As well as the symbolic visage of the ‘Estates,’ there is the atomisation of the individual which takes on  a useful function for society, but not the worker. For the atomised individual poses no threat. Yet for the bourgeois epoch the individual means freedom. The worker , on the other hand, realises freedom ( i.e., it being a positive creative act)  through work and its community, its union. The abstraction of individual rights, human rights present an appearance of legal protection, yet it is negative rather than creative freedom. Rights, as in feudalism, exist only in relation to certain groups. As we have seen the limits of democratic participation have been removed through legal means, representative assemblies, by the foreclosing of participatory institutions i.e., trade unions, communal societies, federal powers. Radicalisation becomes something consumed by the individual, by corporates, a type of Christian virtue realised where no real power exists, where real critique is disbarred ( hate speech laws etc). This apparent plurality of radicals increases atomisation as competing interests in society conflict with real power and freedom for the worker group. The attempt of reason (Kantian rights, against the irrational, the romantic)  to soften the working class was then succeeded by the ideas of utilitarianism, by social insurance, welfare. Hence the only aspects on the table where economic ones. This was used to assimilate the working class, to offer pyrrhic access, but delimited and without power. This role suited the so called ‘Labour’ or ‘Social Democratic’ parties.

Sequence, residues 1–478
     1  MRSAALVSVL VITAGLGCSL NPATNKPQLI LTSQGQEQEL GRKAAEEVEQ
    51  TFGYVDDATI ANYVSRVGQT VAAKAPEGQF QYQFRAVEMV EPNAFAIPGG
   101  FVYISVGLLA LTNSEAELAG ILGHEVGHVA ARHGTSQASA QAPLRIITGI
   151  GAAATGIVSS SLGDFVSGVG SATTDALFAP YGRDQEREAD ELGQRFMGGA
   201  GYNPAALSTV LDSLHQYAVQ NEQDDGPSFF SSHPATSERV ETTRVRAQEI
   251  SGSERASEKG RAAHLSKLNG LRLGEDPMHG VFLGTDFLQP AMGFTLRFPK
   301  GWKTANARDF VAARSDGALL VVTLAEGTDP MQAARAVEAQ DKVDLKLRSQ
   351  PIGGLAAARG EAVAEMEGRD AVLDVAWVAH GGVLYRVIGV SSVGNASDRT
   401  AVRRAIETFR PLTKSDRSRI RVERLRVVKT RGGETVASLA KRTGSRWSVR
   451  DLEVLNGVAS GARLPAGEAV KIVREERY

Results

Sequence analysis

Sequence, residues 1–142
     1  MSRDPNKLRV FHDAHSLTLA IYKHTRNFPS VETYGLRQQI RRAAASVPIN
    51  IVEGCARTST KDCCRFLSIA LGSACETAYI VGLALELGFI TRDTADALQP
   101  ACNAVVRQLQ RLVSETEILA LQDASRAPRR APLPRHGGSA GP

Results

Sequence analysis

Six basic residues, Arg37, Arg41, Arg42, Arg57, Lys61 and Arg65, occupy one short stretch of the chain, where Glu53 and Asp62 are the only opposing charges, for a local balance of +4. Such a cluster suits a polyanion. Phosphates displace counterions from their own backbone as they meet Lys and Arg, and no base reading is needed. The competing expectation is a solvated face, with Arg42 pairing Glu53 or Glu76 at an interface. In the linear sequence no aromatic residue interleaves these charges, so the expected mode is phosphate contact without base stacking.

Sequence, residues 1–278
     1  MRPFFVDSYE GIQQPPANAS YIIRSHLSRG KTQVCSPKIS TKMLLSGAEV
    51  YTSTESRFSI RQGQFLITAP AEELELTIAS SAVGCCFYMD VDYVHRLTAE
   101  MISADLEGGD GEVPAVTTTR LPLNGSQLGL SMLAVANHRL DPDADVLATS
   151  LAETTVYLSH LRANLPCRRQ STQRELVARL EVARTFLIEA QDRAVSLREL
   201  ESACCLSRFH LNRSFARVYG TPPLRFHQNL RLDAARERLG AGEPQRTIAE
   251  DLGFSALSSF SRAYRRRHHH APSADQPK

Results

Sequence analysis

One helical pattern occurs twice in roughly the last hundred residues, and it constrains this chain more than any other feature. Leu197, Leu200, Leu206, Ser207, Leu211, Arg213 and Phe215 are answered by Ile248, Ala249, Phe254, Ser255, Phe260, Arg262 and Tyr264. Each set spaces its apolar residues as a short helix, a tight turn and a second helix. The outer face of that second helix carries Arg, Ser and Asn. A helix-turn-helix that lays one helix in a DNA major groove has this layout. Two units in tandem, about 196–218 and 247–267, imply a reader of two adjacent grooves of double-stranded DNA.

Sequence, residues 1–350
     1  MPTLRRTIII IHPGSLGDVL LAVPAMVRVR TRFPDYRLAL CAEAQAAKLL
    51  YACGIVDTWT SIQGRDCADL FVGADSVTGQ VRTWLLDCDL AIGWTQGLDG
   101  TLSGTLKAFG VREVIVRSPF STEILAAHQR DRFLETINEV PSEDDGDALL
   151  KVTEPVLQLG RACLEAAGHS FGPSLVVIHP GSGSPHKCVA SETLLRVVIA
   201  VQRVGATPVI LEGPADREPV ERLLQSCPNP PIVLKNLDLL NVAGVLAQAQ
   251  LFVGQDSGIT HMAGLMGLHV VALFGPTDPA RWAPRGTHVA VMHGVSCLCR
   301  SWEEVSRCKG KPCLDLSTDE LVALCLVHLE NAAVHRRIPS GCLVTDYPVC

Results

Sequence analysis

The role of the intellectual is not to assimilate the worker but to enable the assumption of power, the assumption of a will to power in recognising the ‘form’ of the present. The ‘form’ is something above the simulacra of appearance. It is, for the worker, this elemental essence. The realisation of the worker form is achieved both through the individual and also the community. Consequently, rather than abstract rights, the form of the worker is manifested in ‘being’, in doing. It was Heidegger, although not explicitly referring to the working class, but being in general, that human beings are able to confront the question of the meaning of being. In this, questions of ontology were dragged down from metaphysical abstraction and located in everyday being. Likewise for Aristotle human beings engage in the world through ‘events’ of meaning; building, creating, farming etc. For Aristotle the many modes of being are realised to the human in different ways. In labour, in creating or observing God. Human beings, unlike animals, operate in the world through this partaking of being. Now this role for the worker, whilst clearly articulated through the industrial revolution, has been eroded. For Ernst Junger, this elemental property of the worker, is absent from the bourgeoisie, who operate in the realm of ‘negotiation’, safety and rely on the worker for sustenance. However, for Ernst Junger [2], the realm of Titans is reversed and the weak and superfluous bourgeoise dominate by manipulating language and power. It was not so much the Nietzschean loss of God, although that was also a way of encountering being, but the manifest loss of this working creative dominion, that induced the separation from authentic existence. It was also not so much the extraction of surplus value in the Marxist view, which has led to the dilemma of ‘existens.’ It was Junger’s idea of the individual, which could be seen in Hegel’s Phenomenology of the Spirit, not as an isolated atomised commodity, but a Titan: